On February 12, 2011, Ramon Hernandez, 66 years old, was injured when his right hand was crushed between two steel rollers of a dough flattening machine he operated while employed as a baker at a bakery in upper Manhattan.
The Site of Plaintiff’s Accident
Prior to the accident, there was a partial power outage in the area and a Manhattan jury determined that Consolidated Edison Co. of New York, Inc., who responded to the outage, was negligent in rewiring underground electric cables which caused nearby machines to operate in reverse.
The jury awarded plaintiff pain and suffering damages in the sum of $163,750 ($70,000 past – 6.5 years, $93,750 future – 12.5 years) plus lost earnings damages in the sum of $383,482 ($176,175 past, $207,307 future – 4.8 years). They declined to make any award at all for future medical expenses.
Defendant appealed challenging the liability verdict and arguing that the pain and suffering awards are excessive.
In Hernandez v. Consolidated Edison Company of New York, Inc. (1st Dept. 2021), both the liability and damages verdicts have been affirmed.
Here are the injury details:
- crush injury to right (dominant) hand with nerve damage and lacerations requiring stitches
- infection requiring overnight stay at hospital a week later when there for removal of 21 stitches
- required sling for eight months and physical therapy for 18 months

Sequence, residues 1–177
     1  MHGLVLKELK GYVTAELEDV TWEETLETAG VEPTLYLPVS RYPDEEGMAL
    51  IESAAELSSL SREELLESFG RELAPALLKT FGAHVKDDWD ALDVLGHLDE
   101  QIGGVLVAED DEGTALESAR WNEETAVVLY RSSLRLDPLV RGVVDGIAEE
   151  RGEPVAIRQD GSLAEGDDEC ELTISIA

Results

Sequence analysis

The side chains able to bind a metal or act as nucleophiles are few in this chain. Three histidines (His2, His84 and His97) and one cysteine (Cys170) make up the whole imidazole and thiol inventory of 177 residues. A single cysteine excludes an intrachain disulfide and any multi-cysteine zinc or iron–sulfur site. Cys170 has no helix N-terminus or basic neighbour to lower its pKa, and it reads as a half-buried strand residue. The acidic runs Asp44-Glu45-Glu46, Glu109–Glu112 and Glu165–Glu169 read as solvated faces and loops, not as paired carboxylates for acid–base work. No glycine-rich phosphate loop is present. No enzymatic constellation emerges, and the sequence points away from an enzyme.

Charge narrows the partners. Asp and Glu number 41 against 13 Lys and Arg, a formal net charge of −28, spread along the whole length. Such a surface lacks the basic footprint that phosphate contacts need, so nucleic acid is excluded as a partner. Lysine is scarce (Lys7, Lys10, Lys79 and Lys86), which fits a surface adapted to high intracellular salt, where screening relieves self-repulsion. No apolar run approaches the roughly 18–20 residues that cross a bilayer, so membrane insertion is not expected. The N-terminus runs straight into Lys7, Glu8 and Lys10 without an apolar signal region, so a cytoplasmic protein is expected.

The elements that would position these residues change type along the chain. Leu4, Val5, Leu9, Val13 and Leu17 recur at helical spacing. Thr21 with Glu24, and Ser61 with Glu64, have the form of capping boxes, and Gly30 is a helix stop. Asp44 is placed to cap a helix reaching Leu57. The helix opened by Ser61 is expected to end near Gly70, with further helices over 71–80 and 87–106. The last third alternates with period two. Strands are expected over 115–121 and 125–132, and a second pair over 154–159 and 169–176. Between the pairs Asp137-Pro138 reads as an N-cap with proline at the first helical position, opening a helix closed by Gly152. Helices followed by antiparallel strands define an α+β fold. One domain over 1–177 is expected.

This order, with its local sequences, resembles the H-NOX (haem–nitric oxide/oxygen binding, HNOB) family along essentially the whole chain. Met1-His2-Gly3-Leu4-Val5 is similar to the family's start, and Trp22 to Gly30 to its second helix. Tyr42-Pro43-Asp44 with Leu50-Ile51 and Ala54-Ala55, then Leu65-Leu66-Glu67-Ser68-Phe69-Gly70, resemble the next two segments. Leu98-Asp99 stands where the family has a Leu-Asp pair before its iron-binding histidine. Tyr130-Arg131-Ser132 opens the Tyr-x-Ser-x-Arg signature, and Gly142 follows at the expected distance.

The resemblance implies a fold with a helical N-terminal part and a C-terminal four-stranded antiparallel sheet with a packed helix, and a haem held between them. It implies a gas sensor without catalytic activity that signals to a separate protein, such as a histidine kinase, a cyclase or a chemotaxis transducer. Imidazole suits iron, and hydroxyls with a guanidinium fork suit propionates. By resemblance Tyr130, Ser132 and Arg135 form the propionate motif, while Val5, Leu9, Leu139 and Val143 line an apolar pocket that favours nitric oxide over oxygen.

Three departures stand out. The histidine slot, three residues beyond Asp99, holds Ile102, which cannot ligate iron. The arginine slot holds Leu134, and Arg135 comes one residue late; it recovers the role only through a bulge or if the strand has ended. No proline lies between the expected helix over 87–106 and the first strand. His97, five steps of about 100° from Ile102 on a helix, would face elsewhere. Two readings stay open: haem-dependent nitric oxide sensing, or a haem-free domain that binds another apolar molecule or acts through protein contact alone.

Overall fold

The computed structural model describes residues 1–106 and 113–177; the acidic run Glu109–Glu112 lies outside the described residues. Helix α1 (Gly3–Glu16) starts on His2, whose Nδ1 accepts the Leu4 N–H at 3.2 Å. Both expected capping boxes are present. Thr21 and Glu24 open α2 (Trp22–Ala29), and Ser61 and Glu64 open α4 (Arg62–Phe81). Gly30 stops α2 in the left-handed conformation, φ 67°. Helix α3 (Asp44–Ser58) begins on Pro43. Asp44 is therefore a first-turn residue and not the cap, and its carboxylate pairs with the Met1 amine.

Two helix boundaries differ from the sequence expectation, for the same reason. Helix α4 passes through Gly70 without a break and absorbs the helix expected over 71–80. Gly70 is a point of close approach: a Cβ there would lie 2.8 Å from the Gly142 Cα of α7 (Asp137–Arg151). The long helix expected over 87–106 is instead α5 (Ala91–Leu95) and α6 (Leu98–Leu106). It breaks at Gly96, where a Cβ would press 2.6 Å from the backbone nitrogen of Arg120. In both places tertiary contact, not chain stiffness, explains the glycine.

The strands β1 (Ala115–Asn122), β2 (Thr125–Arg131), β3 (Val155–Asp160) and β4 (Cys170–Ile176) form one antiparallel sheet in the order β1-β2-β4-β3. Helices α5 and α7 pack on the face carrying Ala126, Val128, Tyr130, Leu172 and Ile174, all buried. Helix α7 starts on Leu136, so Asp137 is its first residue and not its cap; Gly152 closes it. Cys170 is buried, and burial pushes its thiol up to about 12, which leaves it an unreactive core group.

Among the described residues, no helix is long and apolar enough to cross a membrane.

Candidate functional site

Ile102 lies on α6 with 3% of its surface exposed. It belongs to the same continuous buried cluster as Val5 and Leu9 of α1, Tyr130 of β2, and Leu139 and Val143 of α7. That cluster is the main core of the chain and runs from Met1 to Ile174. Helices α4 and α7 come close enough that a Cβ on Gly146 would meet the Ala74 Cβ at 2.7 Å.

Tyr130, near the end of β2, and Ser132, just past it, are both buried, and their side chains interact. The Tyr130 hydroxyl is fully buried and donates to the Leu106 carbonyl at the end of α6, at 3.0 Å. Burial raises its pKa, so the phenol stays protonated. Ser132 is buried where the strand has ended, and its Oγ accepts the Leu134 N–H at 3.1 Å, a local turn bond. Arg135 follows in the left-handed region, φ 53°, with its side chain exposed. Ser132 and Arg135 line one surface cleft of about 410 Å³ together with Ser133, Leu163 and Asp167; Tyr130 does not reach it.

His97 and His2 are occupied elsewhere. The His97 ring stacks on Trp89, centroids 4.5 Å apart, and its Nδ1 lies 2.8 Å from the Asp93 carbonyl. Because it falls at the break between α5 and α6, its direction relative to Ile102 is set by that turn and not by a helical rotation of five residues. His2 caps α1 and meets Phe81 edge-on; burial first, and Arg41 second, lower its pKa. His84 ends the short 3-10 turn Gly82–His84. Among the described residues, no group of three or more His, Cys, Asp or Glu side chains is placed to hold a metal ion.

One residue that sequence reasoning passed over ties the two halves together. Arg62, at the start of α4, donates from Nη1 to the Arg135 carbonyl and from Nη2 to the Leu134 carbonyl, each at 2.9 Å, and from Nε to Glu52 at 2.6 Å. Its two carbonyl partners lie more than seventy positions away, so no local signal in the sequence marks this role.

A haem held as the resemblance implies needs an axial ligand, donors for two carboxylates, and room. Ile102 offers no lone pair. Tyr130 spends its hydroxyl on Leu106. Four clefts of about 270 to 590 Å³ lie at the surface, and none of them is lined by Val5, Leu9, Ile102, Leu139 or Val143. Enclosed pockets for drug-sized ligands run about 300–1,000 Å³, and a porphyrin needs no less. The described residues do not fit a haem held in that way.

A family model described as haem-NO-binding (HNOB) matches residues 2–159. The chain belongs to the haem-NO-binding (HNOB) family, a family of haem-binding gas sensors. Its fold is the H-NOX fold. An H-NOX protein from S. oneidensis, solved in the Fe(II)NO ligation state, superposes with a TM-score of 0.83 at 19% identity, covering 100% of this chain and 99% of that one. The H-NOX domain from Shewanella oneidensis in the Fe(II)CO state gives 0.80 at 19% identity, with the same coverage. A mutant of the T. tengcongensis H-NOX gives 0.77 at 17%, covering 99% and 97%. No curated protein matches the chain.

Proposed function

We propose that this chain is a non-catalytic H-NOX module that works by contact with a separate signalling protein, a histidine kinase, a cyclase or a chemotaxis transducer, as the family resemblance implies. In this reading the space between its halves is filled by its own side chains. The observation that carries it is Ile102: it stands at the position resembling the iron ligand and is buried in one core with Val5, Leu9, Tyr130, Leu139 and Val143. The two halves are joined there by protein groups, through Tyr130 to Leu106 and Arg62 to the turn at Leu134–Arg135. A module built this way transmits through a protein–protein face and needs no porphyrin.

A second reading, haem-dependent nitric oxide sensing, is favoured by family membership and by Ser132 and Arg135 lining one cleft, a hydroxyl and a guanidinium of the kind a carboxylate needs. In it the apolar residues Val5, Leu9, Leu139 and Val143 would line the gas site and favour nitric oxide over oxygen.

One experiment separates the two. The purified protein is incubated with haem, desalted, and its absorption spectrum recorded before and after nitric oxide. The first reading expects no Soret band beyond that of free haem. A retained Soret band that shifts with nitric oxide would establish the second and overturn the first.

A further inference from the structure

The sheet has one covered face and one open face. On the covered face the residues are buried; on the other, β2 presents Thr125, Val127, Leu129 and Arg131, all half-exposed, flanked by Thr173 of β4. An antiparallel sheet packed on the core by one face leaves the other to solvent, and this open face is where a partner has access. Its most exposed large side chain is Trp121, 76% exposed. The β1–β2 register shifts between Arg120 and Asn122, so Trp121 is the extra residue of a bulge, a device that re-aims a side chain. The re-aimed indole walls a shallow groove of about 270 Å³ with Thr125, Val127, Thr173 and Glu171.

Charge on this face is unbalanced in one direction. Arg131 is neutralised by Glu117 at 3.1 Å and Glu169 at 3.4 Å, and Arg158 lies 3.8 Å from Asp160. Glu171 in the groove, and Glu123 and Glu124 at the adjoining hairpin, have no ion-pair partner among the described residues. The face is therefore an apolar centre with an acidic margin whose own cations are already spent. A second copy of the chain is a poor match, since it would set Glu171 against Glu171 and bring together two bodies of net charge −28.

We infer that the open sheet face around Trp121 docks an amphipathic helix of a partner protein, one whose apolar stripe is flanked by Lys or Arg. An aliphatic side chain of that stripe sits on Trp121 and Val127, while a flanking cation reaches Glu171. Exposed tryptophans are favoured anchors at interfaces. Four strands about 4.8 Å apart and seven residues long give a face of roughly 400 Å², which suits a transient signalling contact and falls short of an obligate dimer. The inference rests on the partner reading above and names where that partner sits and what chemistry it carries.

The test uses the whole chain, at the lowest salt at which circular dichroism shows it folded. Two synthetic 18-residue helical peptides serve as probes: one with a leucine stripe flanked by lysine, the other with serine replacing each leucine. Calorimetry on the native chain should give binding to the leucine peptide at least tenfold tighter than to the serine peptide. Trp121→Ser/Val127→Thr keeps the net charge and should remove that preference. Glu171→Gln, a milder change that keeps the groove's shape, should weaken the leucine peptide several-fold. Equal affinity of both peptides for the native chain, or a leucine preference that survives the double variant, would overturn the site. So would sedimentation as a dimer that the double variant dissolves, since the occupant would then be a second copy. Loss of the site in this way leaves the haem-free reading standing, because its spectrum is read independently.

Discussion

- continuing pain, cramping and numbness leaving plaintiff unable to return to work, make a fist or use his right hand for any activities of daily living
Plaintiff’s expert in hand and plastic surgery testified that in addition to the injuries above, plaintiff also sustained carpal tunnel syndrome in his right hand. Defendant’s orthopedic hand surgeon testified that plaintiff had only superficial lacerations, no crush injury and was exaggerating his symptoms. Furthermore, the defense argued that plaintiff had pre-existing carpal tunnel syndrome in both hands.
- In summations, plaintiff’s attorney requested the jury to award $1,100,000 for pain and suffering damages. Defense counsel contended that this case was merely about cut fingers and some physical therapy and asked the jury to “send [plaintiff] home with nothing.”